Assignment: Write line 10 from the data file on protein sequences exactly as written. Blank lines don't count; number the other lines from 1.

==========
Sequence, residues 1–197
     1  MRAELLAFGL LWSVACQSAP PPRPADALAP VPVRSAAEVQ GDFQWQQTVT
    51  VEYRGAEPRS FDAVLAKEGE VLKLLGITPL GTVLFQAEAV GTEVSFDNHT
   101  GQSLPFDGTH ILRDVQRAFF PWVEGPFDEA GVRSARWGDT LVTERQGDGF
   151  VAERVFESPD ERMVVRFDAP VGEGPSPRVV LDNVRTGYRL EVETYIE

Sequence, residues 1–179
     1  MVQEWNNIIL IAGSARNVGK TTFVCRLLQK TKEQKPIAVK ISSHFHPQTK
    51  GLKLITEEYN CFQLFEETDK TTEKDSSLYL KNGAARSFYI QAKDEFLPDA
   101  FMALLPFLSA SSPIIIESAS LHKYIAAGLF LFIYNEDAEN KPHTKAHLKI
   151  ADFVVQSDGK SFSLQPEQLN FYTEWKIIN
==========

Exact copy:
   151  ADFVVQSDGK SFSLQPEQLN FYTEWKIIN